Taxes and the LNC

  1. 0 SirI, can you tell me what, as a general rule, independent LNC's would be wise to set aside for taxes. I have heard 30%. Does that sound reasonable for your experience?
  2. Visit  KLKRN profile page

    About KLKRN

    KLKRN has '25' year(s) of experience and specializes in 'M/S, dialysis, home health, SNF'. From 'Between Here and There'; Joined Feb '08; Posts: 223; Likes: 139.

    3 Comments so far...

  3. Visit  sirI profile page
    1
    Hello, KLKRN,

    You need to seek out advice of an accountant or Tax Attorney.

    Here is a link to the IRS:

    http://www.irs.gov/publications/p583/ar02.html#d0e863

    Personally, and I cannot give out tax advice, I plan on around 33%.
    KLKRN likes this.
  4. Visit  RN1989 profile page
    1
    To all reading, don't forget about specific business/state taxes that have nothing to do with what comes out of your "normal paycheck like $$ for the IRS, Medicare, and SS.

    When you file to become a business entity, you are placed on your state's map for paying various fees. Some, such as the franchise tax in TX, affect you if you make over $300k/yr, but you still have to file with the state, even if you don't make enough to have to pay the fees. If you fail to file a DBA, even if you don't do an LLC/Inc etc, if they find out you are making money from a business, they can come back and require you to pay fees, penalties, and back taxes.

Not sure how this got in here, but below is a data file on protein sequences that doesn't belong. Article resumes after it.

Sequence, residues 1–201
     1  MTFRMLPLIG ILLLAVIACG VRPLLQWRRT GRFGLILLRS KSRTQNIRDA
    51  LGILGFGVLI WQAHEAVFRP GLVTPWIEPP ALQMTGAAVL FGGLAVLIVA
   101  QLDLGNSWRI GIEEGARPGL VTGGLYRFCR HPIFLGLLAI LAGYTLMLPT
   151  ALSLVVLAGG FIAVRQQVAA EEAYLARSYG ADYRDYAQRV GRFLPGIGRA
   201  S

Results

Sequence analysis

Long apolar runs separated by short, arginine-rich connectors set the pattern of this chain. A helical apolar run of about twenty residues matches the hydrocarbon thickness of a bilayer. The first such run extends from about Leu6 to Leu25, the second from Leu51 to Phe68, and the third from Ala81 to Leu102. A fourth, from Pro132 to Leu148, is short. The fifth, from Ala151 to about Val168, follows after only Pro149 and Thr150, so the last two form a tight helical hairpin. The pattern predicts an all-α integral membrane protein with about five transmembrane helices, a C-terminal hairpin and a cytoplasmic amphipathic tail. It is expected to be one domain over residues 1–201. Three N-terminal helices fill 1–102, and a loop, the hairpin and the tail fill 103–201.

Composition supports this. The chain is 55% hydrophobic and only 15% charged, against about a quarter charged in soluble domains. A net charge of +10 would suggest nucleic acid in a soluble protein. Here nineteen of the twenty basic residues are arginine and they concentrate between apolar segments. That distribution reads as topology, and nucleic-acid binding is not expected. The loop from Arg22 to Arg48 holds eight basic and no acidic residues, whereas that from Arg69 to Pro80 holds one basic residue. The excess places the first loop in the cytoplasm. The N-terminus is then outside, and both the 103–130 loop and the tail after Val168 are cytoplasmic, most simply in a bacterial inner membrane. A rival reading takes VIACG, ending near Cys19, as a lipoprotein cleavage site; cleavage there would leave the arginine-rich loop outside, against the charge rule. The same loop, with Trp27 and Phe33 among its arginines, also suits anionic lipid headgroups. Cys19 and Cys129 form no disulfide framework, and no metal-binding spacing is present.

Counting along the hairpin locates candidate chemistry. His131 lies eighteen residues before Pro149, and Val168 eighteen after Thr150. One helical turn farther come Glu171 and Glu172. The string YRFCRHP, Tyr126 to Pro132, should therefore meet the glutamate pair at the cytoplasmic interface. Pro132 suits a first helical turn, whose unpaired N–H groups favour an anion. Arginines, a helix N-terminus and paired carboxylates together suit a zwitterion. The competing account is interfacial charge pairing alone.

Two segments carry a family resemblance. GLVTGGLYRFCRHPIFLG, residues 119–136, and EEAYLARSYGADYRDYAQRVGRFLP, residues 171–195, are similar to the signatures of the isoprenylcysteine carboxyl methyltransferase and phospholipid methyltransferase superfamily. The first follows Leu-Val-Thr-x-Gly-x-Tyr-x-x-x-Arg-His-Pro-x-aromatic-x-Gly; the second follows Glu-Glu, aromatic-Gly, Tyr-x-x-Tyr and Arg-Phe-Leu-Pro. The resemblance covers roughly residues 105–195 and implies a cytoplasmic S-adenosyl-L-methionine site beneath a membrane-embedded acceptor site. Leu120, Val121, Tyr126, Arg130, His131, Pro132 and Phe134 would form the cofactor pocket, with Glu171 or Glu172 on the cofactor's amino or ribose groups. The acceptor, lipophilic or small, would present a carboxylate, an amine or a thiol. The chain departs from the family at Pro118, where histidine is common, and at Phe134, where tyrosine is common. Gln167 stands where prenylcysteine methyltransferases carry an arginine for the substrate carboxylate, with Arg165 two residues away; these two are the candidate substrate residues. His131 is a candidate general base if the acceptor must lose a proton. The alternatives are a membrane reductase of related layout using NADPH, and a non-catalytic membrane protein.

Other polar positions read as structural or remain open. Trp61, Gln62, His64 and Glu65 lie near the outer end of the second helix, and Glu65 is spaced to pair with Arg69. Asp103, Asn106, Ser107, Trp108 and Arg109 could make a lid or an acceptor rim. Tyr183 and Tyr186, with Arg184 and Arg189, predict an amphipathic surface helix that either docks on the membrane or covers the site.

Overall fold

A good accountant will keep you in the clear.
    KLKRN likes this.
  5. Visit  Bluehair profile page
    1
    In a previous life, I was a licensed massage therapist. I continued working at the hospital part time because I wasn't willing to leave the bedside at that point.

    I increased my withholding at the hospital to pay my income tax, SS, etc. from my massage business. That way I didn't have to worry about coming up with a sum of cash for the IRS at the end of the quarter/year.

    This was about 15 years ago, so checking with an accountant prior to doing anything like that now is definitely the best course of action! Tax laws change, and just because it worked back then doesn't mean it will now. It did make for 'one less thing to deal with' at the time, allowing me to focus on building my business, and kept me current with the IRS, SS, etc. throughout the entire year. (Actually had a bit of a credit when all was said and done!)

    Just some food for thought...
    KLKRN likes this.


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